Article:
Net Promoter Score (NPS) with an Online Survey

Net Promoter Score, or NPS for short, is a number that tells you how likely your customers are to recommend your product, service or company to a friend or colleague. All it takes is a simple survey question like the one below.

Net Promoter Score Question

It’s calculated by taking the percentage of customers likely to promote your product (score of 9 or 10 = “promoters”) and subtracting those customers unlikely to promote it (score of 6 or lower = “detractors”). The people who answer with 7 or 8 are called “passives” and their numbers are only used in the overall percentage calculation. Net Promoter Score is widely popular largely due to it’s simplicity and ease of use.

What Is NPS?

NPS is a famous management tool used to measure customer satisfaction. It is so popular that it’s now used by two-thirds of the Fortune 1000. It was created by (and is a registered trademark of) Frederick Reichheld, Bain & Company and Satmetrix. Net Promoter Score was first introduced in a Harvard Business Review article from December 2003 titled “The One Number You Need to Grow“.

By using our survey template you can create your own NPS survey in a matter of minutes. While the question shown above is all that is needed to calculate the score, best practice is to include follow-up questions to discover more about your customers or clients.

We especially recommend adding a question like “What can we do to improve this [company/product/service]?” (included in our template). This survey question could then be followed with an offline phone call or email to gather more details. The goal is to improve your service or product in order to turn detractors into promoters!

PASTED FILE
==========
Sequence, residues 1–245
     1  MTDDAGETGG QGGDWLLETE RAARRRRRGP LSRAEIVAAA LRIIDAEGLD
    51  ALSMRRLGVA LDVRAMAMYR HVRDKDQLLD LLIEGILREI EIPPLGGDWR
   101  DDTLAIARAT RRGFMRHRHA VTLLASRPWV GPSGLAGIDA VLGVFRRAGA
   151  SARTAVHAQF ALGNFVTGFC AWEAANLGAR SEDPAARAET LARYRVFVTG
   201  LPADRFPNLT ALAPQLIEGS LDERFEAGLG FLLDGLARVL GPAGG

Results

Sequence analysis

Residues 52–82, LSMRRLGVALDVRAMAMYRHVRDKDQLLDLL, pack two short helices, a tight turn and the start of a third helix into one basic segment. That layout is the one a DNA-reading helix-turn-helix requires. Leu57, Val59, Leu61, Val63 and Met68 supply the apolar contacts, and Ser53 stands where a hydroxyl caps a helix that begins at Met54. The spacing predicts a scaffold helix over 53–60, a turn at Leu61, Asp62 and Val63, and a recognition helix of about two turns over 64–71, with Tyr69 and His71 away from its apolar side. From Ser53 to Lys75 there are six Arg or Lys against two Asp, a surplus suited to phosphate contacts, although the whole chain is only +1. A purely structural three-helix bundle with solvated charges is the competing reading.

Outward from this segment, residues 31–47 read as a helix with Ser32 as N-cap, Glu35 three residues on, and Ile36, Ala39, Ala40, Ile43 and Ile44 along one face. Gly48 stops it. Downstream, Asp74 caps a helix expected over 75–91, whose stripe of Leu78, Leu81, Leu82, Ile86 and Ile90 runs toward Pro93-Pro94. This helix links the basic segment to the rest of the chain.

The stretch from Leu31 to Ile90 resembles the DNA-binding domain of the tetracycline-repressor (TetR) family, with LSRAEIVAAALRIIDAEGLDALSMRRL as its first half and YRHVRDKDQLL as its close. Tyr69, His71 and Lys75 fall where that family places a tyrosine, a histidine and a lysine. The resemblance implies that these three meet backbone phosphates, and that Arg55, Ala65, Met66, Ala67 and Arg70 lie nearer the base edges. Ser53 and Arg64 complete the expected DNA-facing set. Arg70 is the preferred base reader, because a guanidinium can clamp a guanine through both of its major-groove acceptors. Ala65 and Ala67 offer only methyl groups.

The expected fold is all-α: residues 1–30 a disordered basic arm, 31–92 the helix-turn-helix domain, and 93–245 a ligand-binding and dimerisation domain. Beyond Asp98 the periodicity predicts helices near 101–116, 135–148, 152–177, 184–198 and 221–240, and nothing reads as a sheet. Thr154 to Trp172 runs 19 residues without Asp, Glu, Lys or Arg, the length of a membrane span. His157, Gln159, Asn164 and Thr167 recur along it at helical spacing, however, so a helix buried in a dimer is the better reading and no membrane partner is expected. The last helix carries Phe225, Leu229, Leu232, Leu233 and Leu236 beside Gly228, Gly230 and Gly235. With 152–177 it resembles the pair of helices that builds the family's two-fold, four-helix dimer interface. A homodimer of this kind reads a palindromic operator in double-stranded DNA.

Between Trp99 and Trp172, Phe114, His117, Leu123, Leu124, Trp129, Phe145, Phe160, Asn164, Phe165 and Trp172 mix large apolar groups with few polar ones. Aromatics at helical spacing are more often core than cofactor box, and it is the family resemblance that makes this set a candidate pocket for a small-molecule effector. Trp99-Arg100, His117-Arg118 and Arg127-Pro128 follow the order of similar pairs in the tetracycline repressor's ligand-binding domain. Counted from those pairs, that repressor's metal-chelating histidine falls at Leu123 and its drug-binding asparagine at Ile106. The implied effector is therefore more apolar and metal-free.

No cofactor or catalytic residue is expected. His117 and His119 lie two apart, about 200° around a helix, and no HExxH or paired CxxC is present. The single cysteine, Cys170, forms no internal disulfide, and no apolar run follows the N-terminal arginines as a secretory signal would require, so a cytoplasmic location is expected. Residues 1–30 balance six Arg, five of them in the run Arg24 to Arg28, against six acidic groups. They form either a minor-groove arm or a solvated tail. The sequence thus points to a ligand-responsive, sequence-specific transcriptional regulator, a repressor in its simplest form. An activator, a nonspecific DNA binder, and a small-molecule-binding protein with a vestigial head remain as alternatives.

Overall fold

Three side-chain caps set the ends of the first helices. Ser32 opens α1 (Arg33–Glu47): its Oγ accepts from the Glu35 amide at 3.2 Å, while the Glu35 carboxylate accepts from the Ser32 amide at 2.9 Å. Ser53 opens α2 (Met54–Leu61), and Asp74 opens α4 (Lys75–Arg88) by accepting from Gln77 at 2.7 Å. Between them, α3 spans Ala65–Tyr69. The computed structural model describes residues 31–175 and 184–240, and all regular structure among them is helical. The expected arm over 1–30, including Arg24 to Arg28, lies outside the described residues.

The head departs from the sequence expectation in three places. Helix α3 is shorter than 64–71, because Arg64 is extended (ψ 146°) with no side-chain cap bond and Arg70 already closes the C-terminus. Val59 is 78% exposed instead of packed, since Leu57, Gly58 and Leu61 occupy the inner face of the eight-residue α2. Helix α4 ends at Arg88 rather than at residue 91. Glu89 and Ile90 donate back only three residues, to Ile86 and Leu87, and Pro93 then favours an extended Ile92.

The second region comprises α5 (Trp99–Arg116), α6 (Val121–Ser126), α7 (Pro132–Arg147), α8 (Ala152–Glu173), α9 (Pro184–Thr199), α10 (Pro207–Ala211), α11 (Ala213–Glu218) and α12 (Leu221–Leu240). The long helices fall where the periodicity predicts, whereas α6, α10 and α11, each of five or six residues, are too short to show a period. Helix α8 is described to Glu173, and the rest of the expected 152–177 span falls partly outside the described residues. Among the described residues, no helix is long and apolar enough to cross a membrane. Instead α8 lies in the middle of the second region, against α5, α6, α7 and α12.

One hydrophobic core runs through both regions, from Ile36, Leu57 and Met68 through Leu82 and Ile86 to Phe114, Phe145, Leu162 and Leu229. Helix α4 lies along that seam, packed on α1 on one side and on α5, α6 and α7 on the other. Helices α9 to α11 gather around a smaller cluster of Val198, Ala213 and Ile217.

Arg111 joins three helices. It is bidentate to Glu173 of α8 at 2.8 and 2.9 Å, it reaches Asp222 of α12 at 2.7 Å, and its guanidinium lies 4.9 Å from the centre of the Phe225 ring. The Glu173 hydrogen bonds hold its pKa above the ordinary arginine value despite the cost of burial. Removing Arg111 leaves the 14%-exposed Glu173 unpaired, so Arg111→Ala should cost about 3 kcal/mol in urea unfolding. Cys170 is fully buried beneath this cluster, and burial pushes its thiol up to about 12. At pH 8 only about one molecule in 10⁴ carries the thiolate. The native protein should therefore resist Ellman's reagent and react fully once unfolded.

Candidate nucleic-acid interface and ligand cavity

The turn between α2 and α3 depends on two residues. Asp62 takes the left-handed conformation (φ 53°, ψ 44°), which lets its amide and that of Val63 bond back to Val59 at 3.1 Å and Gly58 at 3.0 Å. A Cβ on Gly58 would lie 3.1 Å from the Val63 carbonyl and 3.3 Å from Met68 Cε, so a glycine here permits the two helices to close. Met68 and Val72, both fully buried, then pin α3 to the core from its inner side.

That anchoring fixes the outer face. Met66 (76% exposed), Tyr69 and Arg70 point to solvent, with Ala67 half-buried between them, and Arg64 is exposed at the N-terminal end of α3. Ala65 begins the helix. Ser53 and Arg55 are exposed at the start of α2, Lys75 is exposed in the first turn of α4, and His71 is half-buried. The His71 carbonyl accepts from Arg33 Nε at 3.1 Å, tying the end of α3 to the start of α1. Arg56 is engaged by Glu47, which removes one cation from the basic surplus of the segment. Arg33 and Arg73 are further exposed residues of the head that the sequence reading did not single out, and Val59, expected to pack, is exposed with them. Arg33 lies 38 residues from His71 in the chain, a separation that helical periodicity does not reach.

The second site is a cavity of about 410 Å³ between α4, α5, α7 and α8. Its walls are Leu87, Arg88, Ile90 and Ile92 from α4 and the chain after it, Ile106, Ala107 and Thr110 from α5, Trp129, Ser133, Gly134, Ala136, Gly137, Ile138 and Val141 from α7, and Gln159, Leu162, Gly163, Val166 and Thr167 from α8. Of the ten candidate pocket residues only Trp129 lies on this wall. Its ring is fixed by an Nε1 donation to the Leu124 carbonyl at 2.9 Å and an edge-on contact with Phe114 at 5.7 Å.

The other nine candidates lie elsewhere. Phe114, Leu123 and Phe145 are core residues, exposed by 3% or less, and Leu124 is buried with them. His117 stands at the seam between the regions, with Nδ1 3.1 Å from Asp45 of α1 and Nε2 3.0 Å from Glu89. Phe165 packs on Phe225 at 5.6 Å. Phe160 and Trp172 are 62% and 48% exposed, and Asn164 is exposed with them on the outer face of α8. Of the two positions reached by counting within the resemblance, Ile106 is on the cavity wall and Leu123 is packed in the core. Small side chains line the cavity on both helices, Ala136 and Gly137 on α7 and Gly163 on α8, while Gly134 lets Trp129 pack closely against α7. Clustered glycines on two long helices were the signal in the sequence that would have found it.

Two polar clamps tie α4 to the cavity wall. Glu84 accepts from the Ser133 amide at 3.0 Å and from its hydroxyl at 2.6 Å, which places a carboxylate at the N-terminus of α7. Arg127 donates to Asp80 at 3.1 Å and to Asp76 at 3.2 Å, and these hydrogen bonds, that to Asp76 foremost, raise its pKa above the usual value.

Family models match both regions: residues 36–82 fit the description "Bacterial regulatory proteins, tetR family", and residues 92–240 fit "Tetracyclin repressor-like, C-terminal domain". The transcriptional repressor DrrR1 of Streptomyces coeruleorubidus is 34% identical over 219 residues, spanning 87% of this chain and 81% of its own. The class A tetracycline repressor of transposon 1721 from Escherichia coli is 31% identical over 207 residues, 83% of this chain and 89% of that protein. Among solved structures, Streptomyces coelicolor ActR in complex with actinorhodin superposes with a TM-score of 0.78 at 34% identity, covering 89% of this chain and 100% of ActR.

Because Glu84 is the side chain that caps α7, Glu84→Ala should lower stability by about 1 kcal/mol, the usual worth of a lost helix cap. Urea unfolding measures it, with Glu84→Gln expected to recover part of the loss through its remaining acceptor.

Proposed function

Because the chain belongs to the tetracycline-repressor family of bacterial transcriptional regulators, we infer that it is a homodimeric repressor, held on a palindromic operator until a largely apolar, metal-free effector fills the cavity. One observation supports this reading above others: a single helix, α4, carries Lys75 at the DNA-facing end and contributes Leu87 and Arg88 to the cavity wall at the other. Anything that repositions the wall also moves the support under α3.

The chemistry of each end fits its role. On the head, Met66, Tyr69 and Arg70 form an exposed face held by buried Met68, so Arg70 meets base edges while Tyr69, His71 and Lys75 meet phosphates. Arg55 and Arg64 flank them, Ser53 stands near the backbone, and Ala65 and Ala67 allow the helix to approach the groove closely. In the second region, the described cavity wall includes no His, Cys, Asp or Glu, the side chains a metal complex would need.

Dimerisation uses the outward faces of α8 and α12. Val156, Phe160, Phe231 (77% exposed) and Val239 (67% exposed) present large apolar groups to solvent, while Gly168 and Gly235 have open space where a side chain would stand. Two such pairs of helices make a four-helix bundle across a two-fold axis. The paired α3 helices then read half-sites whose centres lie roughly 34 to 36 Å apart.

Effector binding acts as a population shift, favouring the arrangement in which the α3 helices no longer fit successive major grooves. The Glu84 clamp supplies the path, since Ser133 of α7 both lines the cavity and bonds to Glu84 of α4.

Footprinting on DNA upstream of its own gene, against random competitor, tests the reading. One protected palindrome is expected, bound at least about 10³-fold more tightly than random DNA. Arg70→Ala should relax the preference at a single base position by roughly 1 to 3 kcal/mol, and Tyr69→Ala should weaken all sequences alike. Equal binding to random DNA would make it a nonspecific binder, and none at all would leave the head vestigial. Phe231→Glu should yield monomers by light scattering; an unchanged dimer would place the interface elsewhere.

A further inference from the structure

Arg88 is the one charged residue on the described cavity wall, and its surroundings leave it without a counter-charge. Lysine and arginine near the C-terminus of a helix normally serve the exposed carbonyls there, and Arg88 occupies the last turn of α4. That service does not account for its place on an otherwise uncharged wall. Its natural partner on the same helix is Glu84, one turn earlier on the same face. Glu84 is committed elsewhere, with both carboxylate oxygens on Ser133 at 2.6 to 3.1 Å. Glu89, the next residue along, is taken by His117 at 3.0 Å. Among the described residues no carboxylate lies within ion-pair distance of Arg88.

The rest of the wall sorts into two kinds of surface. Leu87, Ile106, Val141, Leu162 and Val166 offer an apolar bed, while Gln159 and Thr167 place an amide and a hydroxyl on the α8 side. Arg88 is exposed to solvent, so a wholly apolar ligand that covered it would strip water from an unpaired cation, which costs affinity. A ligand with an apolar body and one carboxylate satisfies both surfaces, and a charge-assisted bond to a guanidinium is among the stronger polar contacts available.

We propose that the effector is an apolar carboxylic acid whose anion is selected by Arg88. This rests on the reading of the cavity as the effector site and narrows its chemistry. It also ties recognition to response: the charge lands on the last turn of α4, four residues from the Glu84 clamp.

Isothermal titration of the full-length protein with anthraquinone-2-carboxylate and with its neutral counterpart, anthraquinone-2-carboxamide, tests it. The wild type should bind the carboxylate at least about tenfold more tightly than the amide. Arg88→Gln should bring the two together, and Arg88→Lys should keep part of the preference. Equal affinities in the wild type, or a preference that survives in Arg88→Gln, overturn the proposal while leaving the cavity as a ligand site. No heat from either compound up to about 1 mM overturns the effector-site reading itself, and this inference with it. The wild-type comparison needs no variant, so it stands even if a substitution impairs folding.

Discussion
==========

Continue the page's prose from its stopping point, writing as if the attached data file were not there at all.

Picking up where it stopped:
When you use an NPS survey in your customer interactions and follow-up, you send a powerful message that you are interested in improving your service and that you care how they feel. You show them your dedication to customer success.

Calculating NPS

Calculating the NPS is easy. First subtract the number of detractors from the number of promoters and divide that by the number of people who answered the question. Mathematically it would look like this:

\[{PromotersCount-DetractorsCount \over PromotersCount+PassivesCount+DetractorsCount}*100\]

The score is a number between -100 (everyone is a detractor) and +100 (everyone is a promoter) and the higher the number the better!

Any NPS score above 0 is good. It means that your audience is more loyal than not. Anything above 20 is considered favorable. Bain & Co, the source of the NPS system, suggests that above 50 is excellent, and above 80 is world class.

NPS sample industry benchmarks
NPS Benchmarking | Source: NICE Satmetrix

Unfortunately it's not really possible to say exactly what is a good score and what is a bad score in absolute numbers because each industry is a little bit different as you can see in the chart above.

In addition, there are regional differences as well. For example, South American consumers often give higher satisfaction scores than other cultural groups, while Japanese consumers are the toughest to please.

When To Use An NPS Survey